Young Mum Stories: A Student With A Baby
Sorcha McManigan is a 23-year-old journalist, blogger and mum to 3-year-old Ema. She writes about all things parenting in college on her blog, and you can find her on social media on her instagram page.
In the midst of celebrating the end of my first year summer exams and with a job for three months in Paris awaiting, I had missed my period. Putting it down to stress, I took a pregnancy test as a joke. Most people when they see the words ‘Pregnant 4-6 weeks’ they jump up and down with joy. For me it was a little bit of a train wreck, cue the non-stop vomiting from the shock and a five hour stint in hospital on drips, just to make sure the reality of it really kicked in.
My pregnancy wasn’t celebrated, I didn’t have a baby shower or 4D scans, but I did have the endless support of my family, friends, and the staff and nurses in Dublin Institute of Technology. I was determined to continue my BA in Journalism with French and entering my first semester of my second year was relatively easy. I was five months pregnant, very neat and nobody seemed to notice. I chose not to hide my pregnancy and told my French class and as time past, the rest of my year began to speculate as my belly grew. The curiosity didn’t bother me as much as the morning sickness.
Within my first month of going back to college I had mastered a new morning routine, which consisted of getting a lift into town, immediately getting out of the car, vomiting behind it, saying goodbye and walking up to college, every single morning!
A contagious disease
My third trimester had firmly transformed my neat figure into a waddling, whale-like pregnant woman, with my own age group becoming my harshest critics. At 19 and pregnant in college, at times I felt like I had a contagious disease, particularly in my experience with young men who didn’t know me. They would blatantly talk about me as if I didn’t have feelings or I wasn’t sitting two feet away. In hindsight they’ve been forgiven, their comments were down to fear and inexperience but back then, it made me feel even more secluded and isolated from my peers.
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Despite some negativity, I always had my family and two really close friends who lifted my spirits, always had my back and spoilt me throughout my pregnancy. Other people surprised me with their kindness, older people would give a nod or smile of encouragement, my college class thoughtfully gave me a parting gift for my daughter and the lecturers, counsellors and nurses in D.I.T were a constant backbone of support.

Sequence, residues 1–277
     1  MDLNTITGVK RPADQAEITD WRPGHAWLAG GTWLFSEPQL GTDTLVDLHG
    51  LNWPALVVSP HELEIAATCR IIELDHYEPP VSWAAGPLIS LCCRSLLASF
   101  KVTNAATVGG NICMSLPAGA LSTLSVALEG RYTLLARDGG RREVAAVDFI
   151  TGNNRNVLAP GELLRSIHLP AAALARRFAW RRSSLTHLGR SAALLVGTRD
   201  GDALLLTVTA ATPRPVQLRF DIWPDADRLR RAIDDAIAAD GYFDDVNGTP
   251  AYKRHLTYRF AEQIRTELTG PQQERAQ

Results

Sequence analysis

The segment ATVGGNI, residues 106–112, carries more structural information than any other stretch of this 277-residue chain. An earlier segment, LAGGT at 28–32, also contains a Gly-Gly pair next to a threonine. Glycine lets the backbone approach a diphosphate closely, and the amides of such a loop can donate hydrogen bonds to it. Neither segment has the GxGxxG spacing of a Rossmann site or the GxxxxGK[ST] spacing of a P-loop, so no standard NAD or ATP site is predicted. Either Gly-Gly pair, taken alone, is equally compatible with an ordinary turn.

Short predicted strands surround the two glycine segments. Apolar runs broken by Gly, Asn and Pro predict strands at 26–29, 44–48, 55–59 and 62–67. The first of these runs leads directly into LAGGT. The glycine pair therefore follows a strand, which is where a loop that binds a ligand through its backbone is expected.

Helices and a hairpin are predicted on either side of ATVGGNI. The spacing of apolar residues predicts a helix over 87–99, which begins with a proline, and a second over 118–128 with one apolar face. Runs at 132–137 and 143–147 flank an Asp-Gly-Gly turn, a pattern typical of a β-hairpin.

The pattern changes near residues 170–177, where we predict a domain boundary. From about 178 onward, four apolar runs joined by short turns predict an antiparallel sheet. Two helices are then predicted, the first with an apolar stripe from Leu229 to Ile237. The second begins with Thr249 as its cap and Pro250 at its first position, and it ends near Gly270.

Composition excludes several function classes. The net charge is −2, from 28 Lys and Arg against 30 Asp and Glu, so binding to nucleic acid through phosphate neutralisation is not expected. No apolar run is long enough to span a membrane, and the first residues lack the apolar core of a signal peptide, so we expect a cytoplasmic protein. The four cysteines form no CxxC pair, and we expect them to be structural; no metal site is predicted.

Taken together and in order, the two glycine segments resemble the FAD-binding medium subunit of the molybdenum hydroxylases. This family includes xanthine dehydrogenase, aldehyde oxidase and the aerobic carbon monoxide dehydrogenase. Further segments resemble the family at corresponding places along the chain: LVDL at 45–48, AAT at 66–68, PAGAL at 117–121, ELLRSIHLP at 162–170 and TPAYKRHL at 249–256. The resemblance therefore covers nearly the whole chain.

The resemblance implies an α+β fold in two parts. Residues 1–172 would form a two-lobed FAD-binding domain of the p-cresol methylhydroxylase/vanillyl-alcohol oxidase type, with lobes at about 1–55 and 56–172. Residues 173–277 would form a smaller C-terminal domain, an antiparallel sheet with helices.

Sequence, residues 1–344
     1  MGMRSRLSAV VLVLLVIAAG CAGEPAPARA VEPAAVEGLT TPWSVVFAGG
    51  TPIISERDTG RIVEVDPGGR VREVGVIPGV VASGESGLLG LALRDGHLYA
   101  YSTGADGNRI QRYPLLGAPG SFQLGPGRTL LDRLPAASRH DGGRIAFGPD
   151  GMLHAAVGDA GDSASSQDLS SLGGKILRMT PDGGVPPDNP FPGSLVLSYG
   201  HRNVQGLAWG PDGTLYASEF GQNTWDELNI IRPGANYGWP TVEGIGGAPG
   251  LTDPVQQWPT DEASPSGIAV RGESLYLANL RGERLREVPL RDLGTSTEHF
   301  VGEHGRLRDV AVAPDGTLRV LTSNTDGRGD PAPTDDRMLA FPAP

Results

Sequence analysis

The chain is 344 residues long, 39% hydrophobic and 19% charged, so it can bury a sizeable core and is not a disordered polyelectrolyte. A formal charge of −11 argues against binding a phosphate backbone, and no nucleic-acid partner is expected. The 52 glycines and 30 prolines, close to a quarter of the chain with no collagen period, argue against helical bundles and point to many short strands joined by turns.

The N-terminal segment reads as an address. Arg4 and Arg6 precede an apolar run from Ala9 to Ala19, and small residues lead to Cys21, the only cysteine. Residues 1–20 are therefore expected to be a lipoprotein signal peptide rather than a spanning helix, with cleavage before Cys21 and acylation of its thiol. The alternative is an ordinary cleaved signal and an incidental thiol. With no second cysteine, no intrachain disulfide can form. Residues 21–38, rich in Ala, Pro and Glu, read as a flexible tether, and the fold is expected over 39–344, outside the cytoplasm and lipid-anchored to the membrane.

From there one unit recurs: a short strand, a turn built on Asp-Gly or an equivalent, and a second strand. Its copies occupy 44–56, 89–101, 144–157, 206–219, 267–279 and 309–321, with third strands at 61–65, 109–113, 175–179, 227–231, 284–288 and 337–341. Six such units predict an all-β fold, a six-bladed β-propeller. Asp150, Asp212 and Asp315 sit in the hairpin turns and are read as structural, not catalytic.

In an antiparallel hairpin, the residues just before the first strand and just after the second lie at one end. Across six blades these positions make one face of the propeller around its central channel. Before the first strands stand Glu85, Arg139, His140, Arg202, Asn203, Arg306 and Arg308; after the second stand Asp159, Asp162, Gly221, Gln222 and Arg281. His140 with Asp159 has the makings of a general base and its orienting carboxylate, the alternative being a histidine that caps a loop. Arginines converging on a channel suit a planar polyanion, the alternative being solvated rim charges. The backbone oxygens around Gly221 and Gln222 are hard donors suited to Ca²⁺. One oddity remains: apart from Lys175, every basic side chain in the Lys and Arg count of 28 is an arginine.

A dramatic exit
Never one to go out without a dramatic exit, I managed to get myself hospitalised for five days just before the start of my Christmas exams and combined it with falling down the stairs nine months pregnant and cutting my knee open on the morning of my French exam. Two weeks later, with a bandaged knee and exams completed, my daughter Ema was born.
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Through the happiness and the woes, my family and a small group of friends were always there. College was tough whilst being pregnant but it was worth it. It allowed me to focus on something outside of myself, I wasn’t at home everyday thinking about how my life was going to change. I was now hungry to do well because my education was no longer something I took for granted. It was now something I knew could help me in avoiding the poverty trap that is a very real problem for a lot of single young parents in Ireland.
“The adjustment hit me hard”
In my daughter’s first year, I went from a carefree teenager to a stay at home mum. It was the toughest job I’ve ever done and the adjustment hit me hard. I mourned my old life, I felt like I couldn’t relate to anybody my own age and I had lost a piece of my identity. My family were my rock and my good friends stuck by my side with words of encouragement. I fought a huge fight against postnatal depression and anxiety, but managed to come out on top with a beautiful little girl beside me. Ten months rolled around and it was time to go back to college.